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    There are so many: 1) What are the requirements for awarding a FFP Construction Contract based on percentage of work complete? i.e. responsibility requirements, accounting system requirements Reference terminology in FAR 52.232-5(I) and the differences between that and FAR 32.102(e), DFARS 209.104-1(e), DFARS 242.7502(a), and DFARS 242.7503(b) 2) Since Construction Progress Payments are based on a percentage of work complete and have nothing to do with actual costs incurred, why should there be any reference to an accounting system that can record costs? (Sorry, playing devil's advocate here, I know I would prefer a contractor with a system that is capable, but trying to play out the scenario here). 3) If a contract was awarded (regardless of whether the information relied upon was reliable in relation to the accounting system of a relatively new entity and the system is now subject to numerous high risk areas, likely significant deficiencies (informally documented), what are the recourses? (Some of this may be answered in the questions above) 4) Further complicate this with the fact that the contractor recently submitted a financial distress letter, so, not only are we highly suspect of the capabilities and adequacy of the system, the contractor is claiming that the current withholds (20%) are requiring them to obtain financing above an 8% interest rate.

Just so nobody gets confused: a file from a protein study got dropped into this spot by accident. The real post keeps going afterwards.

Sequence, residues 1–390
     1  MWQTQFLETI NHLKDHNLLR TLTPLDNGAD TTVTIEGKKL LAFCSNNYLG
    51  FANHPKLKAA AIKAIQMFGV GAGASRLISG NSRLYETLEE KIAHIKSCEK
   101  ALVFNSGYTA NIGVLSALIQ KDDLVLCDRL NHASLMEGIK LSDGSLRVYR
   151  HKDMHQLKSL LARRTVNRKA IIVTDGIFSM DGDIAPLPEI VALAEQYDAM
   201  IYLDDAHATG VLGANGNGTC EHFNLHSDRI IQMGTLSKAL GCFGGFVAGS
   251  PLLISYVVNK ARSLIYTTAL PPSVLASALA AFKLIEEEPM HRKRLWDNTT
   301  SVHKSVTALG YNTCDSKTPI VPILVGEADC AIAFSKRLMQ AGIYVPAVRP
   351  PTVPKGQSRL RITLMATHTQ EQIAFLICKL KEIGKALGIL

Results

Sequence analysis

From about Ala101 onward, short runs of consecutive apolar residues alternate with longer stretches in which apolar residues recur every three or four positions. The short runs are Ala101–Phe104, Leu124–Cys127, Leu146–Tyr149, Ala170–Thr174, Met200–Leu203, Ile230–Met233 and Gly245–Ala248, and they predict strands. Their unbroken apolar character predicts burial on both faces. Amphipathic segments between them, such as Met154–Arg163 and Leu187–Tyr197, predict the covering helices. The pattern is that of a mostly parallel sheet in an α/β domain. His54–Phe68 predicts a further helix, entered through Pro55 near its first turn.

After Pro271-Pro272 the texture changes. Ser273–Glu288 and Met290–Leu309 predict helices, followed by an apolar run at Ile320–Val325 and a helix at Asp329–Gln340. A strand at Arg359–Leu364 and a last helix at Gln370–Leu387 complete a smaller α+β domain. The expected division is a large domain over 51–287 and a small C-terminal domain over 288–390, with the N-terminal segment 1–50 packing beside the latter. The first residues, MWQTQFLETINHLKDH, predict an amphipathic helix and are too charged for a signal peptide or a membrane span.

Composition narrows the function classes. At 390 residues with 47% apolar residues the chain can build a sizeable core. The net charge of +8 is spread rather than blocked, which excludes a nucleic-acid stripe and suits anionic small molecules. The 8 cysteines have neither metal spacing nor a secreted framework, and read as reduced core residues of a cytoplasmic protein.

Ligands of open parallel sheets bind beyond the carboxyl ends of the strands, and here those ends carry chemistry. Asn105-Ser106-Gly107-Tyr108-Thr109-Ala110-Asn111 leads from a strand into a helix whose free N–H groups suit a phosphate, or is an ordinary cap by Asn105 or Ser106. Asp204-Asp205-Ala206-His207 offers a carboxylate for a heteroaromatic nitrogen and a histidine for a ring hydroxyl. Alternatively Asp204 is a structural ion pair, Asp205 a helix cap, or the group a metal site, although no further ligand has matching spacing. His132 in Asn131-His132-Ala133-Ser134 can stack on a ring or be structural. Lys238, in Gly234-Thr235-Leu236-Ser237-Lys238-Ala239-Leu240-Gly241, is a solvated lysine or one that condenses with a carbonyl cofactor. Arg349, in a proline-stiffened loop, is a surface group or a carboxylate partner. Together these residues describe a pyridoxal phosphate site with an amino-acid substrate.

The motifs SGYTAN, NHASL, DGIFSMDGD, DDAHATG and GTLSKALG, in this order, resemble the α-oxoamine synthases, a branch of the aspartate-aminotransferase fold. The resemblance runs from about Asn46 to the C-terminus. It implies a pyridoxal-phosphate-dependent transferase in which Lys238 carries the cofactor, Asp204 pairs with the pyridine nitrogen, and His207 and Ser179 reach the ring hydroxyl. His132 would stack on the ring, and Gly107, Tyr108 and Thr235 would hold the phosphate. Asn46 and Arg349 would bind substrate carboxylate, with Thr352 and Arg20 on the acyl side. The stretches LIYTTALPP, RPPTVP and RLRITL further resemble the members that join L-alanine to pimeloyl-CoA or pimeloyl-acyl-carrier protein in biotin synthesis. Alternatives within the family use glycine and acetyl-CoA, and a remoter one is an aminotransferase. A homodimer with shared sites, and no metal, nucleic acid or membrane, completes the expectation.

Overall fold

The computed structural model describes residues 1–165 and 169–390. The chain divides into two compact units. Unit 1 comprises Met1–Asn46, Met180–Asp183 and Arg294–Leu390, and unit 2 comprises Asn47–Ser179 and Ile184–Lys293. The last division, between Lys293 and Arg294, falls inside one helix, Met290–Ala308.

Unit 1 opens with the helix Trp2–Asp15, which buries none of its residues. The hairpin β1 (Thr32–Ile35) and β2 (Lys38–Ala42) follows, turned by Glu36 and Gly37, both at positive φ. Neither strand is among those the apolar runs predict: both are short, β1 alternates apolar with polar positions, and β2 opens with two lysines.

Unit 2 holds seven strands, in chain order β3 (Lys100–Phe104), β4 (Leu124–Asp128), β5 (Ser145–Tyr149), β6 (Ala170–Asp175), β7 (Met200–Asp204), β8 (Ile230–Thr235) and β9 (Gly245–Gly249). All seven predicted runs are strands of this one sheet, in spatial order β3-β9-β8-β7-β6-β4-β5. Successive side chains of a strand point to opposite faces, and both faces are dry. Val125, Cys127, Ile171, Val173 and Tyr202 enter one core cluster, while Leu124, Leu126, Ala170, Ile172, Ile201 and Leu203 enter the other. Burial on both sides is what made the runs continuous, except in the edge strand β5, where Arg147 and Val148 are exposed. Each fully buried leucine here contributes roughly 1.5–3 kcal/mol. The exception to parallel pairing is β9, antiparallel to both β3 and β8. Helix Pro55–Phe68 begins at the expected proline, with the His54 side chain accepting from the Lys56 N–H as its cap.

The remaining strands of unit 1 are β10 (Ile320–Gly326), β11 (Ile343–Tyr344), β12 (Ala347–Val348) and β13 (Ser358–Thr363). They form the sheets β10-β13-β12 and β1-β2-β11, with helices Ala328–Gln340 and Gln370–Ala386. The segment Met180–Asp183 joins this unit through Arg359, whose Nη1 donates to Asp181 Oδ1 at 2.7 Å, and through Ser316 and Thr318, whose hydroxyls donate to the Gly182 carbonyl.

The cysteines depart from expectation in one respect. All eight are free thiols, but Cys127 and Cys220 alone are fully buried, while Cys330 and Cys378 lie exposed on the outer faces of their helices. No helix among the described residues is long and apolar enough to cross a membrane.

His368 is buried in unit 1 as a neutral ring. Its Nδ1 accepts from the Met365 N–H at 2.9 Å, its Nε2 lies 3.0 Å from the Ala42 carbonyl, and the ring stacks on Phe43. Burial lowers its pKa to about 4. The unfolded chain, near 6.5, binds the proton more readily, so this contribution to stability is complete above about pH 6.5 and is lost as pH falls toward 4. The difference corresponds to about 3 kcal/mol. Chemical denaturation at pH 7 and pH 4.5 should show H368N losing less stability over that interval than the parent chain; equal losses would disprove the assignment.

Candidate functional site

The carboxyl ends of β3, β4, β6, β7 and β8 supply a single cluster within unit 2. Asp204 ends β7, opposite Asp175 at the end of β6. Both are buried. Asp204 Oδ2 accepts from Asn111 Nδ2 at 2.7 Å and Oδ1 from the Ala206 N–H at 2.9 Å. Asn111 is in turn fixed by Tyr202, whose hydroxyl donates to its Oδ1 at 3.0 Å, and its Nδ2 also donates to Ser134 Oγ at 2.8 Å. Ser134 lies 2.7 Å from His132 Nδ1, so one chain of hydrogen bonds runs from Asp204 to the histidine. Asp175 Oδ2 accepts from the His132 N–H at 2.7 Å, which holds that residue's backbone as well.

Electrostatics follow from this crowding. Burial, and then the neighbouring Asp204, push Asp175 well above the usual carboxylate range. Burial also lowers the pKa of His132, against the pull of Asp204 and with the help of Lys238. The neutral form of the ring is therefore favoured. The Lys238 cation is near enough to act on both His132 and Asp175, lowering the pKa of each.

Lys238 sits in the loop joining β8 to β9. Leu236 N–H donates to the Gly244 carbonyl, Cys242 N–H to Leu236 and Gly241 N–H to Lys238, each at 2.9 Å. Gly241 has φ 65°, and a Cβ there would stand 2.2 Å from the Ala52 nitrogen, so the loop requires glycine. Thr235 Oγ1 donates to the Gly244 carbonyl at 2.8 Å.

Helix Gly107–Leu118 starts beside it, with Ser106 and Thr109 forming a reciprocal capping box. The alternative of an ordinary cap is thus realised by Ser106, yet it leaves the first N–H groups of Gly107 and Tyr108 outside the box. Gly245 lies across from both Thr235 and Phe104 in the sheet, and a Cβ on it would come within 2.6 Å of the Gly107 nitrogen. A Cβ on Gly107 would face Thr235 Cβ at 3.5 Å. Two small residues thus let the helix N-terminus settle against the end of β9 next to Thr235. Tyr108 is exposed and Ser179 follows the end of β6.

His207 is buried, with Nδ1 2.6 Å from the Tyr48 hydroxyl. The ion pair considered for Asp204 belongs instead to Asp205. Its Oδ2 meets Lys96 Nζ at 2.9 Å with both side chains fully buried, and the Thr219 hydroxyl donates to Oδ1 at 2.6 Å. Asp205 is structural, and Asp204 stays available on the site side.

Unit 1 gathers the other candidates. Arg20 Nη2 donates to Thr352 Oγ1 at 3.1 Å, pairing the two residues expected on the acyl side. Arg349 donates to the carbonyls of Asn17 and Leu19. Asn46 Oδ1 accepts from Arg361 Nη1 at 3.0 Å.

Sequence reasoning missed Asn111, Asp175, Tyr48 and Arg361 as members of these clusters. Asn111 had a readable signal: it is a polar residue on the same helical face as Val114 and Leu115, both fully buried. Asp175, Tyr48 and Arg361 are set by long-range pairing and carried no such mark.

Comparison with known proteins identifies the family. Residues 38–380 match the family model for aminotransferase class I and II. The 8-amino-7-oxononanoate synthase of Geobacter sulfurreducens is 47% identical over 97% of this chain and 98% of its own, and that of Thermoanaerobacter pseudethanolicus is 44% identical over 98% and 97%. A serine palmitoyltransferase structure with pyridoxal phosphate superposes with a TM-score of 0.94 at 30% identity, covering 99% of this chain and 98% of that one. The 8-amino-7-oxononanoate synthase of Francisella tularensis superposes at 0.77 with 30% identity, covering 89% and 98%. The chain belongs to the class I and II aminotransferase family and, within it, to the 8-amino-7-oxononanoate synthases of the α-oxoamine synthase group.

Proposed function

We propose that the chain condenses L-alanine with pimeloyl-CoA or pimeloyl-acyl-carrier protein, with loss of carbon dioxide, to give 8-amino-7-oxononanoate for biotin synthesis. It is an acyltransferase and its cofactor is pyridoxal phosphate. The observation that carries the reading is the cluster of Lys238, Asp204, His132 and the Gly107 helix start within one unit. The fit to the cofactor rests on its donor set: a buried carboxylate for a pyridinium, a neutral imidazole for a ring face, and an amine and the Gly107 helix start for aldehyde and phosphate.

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    QUESTION 1) What are the requirements for awarding a FFP Construction Contract based on percentage of work complete? i.e. responsibility requirements, accounting system requirements? Reference terminology in FAR 52.232-5(I) and the differences between that and FAR 32.102(e), DFARS 209.104-1(e), DFARS 242.7502(a), and DFARS 242.7503(b)
    RESPONSE 1)
    The clause FAR 52.232-5 is to be used in solicitations and contracts for construction when a fixed-price contract is contemplated.  So this clause shall be placed in your contract if it will be FFP at any dollar value.
    FAR 32.102(e) does not apply to construction contracts as this section is entitled “Description of Contract Financing Methods” and in accordance with FAR 32.001(1)(v) progress payments for construction contracts are NOT considered finance payments.